Save Me, San Francisco

Train

Columbia, 2009

REVIEW BY: Jason Warburg

ORIGINALLY PUBLISHED: 10/31/2010

I waited a long time to buy this album, and a longer time to review it.  When you’re talking about a band you’ve followed for more than a decade, that’s rarely a good sign.

Of course, Train today is only 60 percent of the Train that started out in 1998 with their self-titled debut and hit single “Meet Virginia.”  In the process of cutting 2003’s My Private Nation, the band shed first bassist Charlie Colin and then rhythm guitarist Rob Hotchkiss, replacing both with studio musicians and sidemen, leaving lead voice Pat Monahan, guitarist Jimmy Stafford and drummer Scott Underwood as the sole official members of the band for subsequent albums.

Save Me, San Francisco kicks off with the title track, an ode to the boys’ hometown that is by turns rousing and embarrassing.  The hook is a monster… but so is the lyric.  “I been high / I been low / I been yes / And I been oh hell no / I been rock and roll and disco / Won’t you save me San Francisco” goes the sing-songy, cringe-worthy chorus.  The entire carefully modulated construction—even the sloppy moments appear precisely calibrated to charm—feels like nothing so much as a commercial jingle (more on that thought soon), in the sense that the catchiness of the hook demands that you sing along even as the lyric makes you feel like a moron for doing it.

Follow-up track “Hey, Soul Sister” does nothing to dispel this first impression.  As calculated as a television ad's background music—which is how most people now know the “hey—hey-AY—hey-ay-AY-ay” chorus thanks to Samsung’s ubiquitous campaign—“Hey, Soul  Sister” is in fact about as soulful as a slice of Wonder bread.  The idea that it’s become the biggest hit of the band’s career is a compliment to every act that refuses to cater to the lowest common denominator; this is what you get when you do that, and it isn’t a pretty sight.  Never has a string of superficial, self-indulgent lyrics (“Your lipstick stains / On the front lobe of my left-side brains / I knew I wouldn’t forget you / And so I let you go and blow my mind”) meant so fleetingly much to so barely-paying-attention many.bim_ad_daily_vault_print_250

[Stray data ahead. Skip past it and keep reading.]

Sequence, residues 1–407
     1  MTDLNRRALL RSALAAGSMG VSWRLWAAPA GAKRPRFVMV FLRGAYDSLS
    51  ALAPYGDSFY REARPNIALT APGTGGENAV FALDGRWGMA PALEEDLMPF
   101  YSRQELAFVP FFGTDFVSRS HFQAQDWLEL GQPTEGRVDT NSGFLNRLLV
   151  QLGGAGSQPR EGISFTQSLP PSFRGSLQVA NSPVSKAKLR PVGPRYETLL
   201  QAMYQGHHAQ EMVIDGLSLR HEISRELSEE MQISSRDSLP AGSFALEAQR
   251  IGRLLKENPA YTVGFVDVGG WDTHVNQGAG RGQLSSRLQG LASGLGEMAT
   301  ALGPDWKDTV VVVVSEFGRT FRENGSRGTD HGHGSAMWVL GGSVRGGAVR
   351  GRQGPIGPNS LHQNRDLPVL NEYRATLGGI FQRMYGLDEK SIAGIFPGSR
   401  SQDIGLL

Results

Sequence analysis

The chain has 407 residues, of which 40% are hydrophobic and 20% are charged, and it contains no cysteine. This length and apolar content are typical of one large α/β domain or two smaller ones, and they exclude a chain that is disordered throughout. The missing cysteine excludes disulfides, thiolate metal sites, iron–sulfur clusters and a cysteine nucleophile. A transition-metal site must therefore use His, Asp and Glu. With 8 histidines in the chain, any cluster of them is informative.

And the rest of the album gets worse.

I would go into greater detail, but you really only need one song description: spare intro builds quickly to swelling chorus with Monahan’s voice way out front, melodramatic vocals delivering pseudo-hip, often-ridiculous lyrics, repeat, crescendo and you’re done.  Times nine.   The roaming, diverse musical landscape of the Brendan O’Brien-produced discs Drops Of Jupiter, My Private Nation and For Me, It’s You is gone, washed away by a sea of lame white-boy-soul posturing.  Even borrowing half a song from the Doobie Brothers (“Black Water” interpolates with “I Got You”) doesn’t accomplish more than pointing out how creatively bankrupt the rest of this disc is.

This album in fact sounds after the first two tracks like a Pat Monahan solo release; with rare exceptions (the lively but annoyingly repetitive “You Already Know” and the overcooked second half of “Breakfast In Bed”) Stafford and Underwood come off as faceless as any of the studio musicians Monahan employed for his 2007 solo disc Last Of Seven.  It’s a wonder he bothered to come back, but he seems to recognize that a brand name is a brand name, and Train have surely pumped new life into theirs with this smartly marketed effort.

Plenty of critics have slagged Train over the years as mainstream sell-outs, a group that seemed all too eager to sacrifice their musical imagination on the altar of commercial success.  I’ve defended them in the past because until now they’ve always managed to be more than that, dipping their toes in a variety of genres and offering a sort of quirky, earnest charm with flashes of genuine grit and imagination.  Save Me San Francisco arrives 100 percent grit-free; it’s 50 percent commercial calculation and 50 percent pure narcissism, a pair of mindlessly catchy pop tunes grafted onto an album otherwise littered with weak hipster posturing and assembly-line power ballads.  This album will surely make Train Inc. a handsome buck, but there’s little here that any fan of music that matters will care about beyond next Tuesday. 

Rating: D

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© 2010 Jason Warburg and The Daily Vault. All rights reserved. Review or any portion may not be reproduced without written permission. Cover art is the intellectual property of Columbia, and is used for informational purposes only.